Immigration regulations a misnomer, say travel associations

Associations representing the interests of inbound tourism to and outbound travel from South Africa have dubbed the Cabinet’s assertion that the new immigration regulations have had “unintended consequences” as a misnomer.

The Cabinet announced recently that an inter-ministerial task team, led by Home Affairs Minister Malusi Gigaba, would be established to look at matters pertaining to the implementation of the immigration regulations with a view to striking a balance between South Africa’s economic development and its security needs.

Both the Association of Southern African Travel Agents (ASATA) and Southern African Tourism Services Association (SATSA) are encouraged that consultation is finally taking place, but remain disappointed that the review is limited to issues around implementation, and not an amendment to or an abolishment of the regulations, whose impact has had wide-reaching effects particularly on the inbound industry that has seen a 32% decline in air tickets sold to South Africa alone.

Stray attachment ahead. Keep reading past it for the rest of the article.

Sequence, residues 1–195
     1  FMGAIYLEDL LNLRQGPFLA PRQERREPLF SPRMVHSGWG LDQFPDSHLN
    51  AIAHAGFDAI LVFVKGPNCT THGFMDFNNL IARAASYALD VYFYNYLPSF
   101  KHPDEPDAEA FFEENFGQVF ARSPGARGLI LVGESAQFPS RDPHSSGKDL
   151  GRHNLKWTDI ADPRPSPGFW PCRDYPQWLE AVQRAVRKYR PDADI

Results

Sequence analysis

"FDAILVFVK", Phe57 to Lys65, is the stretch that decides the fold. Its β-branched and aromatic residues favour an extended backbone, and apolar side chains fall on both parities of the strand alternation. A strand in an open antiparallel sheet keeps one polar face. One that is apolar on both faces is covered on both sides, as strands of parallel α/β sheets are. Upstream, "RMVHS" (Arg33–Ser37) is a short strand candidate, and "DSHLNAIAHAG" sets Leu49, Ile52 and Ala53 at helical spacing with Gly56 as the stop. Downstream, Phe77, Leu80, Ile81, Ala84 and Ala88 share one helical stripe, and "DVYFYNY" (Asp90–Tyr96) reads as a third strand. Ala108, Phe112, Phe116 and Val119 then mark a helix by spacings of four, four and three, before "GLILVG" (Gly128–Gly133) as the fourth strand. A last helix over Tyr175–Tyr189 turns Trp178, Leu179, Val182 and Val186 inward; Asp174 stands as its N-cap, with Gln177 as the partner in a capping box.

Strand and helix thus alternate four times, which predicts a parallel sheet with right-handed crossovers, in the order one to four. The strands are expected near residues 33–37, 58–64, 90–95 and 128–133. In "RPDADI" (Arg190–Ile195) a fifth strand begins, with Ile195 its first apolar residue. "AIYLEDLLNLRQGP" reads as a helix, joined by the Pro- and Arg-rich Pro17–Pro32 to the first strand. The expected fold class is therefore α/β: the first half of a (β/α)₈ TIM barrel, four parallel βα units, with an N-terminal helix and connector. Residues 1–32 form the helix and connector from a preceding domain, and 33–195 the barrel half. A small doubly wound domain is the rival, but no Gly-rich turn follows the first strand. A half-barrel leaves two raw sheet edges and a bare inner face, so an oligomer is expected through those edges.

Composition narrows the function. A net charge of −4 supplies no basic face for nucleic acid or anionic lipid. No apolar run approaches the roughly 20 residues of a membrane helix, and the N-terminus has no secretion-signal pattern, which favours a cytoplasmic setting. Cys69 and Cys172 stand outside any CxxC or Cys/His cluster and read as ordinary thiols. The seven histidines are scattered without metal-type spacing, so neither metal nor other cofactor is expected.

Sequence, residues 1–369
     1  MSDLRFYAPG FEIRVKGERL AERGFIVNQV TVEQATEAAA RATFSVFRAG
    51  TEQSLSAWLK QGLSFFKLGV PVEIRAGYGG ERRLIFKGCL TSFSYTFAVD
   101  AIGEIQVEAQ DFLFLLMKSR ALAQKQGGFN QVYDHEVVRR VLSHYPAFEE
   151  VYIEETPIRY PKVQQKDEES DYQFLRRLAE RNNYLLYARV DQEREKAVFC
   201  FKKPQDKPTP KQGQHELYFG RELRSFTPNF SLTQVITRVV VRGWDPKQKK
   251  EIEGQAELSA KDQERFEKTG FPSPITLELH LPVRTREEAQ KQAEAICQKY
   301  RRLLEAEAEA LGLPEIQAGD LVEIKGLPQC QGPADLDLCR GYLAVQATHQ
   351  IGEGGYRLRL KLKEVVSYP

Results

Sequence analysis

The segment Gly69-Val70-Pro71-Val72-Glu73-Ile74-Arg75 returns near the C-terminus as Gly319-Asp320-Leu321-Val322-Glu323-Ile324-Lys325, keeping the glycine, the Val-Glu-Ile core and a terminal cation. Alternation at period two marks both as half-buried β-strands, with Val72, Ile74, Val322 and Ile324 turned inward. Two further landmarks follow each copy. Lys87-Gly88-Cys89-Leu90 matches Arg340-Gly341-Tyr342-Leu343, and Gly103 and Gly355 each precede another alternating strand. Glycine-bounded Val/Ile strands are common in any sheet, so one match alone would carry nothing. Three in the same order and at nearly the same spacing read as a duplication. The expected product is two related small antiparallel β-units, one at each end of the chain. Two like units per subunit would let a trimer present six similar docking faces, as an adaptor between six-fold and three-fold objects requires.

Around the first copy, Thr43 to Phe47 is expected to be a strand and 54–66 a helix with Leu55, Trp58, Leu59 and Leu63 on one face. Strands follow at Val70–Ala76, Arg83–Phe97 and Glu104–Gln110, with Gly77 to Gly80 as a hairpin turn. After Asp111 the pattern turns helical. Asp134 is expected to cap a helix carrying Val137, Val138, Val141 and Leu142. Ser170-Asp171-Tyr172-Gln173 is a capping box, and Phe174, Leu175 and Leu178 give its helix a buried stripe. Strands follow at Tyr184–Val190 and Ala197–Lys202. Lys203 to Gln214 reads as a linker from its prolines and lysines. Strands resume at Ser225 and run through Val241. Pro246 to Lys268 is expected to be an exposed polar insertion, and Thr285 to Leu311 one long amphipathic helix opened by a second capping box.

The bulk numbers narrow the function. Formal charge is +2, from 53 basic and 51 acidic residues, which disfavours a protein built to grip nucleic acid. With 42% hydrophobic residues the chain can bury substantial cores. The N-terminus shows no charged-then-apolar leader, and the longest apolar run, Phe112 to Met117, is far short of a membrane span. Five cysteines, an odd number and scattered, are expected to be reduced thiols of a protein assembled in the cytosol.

The notion of ‘unintended consequences’, believe ASATA and SATSA, is a complete misnomer. The impending impact on inbound tourism was outlined in detail in two research reports given to both the Ministries of Home Affairs and Tourism, and had the Department undertaken an economic impact assessment study, these issues would have been starkly apparent.

Says ASATA CEO Otto De Vries: “Since the regulations were announced early last year, we have had little to no engagement with or consultation from Home Affairs on the lasting impact the implementation of these immigration regulations would have on the tourism sector, which supports one in seven jobs in South Africa.”

“We will regardless work within the review process and once again provide data and documented proof to the relevant authorities on the impact that the tourism sector is seeing and is projected to see. It would appear, that we have to prove we are on our knees before government will listen to the tourism sector,” concludes David Frost, CEO SATSA